A patient who got oxygen too late. Another whose delayed heart monitor results showed a need for special care that didn't come soon enough.
Both died preventable deaths at Detroit Medical Center, doctors and nurses say in a complaint under investigation by the Michigan Attorney General's Office.
Their letter to the office blames staff reductions and oither cost cuts, The Detroit News reports:
"There has been a fundamental abandonment of a previously developed culture of quality and safety," the authors wrote in the complaint sent Wednesday. "Safety events that touch the patient are reviewed by the highest levels of hospital leadership, who pressure quality personnel to downgrade their severity. ...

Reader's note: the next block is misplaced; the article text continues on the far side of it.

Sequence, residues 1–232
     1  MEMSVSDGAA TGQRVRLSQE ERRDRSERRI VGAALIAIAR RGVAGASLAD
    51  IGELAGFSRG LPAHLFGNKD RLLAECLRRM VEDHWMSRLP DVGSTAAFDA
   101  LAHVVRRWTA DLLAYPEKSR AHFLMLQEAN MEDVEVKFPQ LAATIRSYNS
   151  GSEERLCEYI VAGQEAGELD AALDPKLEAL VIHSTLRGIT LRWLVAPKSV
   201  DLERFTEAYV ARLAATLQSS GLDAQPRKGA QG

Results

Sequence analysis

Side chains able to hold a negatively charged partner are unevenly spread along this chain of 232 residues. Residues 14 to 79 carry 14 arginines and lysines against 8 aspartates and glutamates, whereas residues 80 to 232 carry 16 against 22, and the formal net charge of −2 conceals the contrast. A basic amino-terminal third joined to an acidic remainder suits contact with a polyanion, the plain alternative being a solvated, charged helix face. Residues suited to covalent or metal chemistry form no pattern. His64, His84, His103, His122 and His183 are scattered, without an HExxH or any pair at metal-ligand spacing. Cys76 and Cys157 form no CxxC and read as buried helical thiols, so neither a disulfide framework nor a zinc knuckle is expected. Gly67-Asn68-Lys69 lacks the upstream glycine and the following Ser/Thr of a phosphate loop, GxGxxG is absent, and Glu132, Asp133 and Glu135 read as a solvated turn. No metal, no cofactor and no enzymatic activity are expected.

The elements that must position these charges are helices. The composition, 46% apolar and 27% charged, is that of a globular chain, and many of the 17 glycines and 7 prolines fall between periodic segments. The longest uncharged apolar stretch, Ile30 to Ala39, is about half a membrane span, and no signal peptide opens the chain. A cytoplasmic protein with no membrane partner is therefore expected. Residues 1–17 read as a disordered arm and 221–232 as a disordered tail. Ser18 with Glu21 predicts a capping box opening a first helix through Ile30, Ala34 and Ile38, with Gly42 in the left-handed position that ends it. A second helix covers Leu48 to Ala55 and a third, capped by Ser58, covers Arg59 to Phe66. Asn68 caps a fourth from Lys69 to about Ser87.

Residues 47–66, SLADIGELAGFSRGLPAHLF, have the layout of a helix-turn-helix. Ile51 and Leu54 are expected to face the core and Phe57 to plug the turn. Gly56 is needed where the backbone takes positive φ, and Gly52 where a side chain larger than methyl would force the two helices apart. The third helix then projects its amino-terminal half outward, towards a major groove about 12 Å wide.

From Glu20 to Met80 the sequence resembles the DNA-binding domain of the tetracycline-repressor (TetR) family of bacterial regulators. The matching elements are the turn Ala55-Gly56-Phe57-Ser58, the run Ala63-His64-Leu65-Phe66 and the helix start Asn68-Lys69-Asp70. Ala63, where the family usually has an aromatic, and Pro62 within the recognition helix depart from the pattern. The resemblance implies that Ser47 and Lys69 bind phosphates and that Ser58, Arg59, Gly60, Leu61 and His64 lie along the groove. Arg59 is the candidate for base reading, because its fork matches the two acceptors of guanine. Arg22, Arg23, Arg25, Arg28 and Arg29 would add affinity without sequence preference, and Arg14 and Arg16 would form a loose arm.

"All of the above has resulted in a significant degradation of patient care, and an increase in morbidity and mortality."
The formerly nonprofit hospital system was privatized in 2010 with now-Detroit Mayor Mike Duggan as its CEO.
The overwhelmed medical center drew national headlines when the pandemic hit two years ago. Nurses at Sinai-Grace sued then, alleging staffing issues were to blame for needless deaths. Last week, the Free Press reported a crucial unit at the same hospital was shut down due to a "drug-resistant, highly contagious and often deadly fungal infection."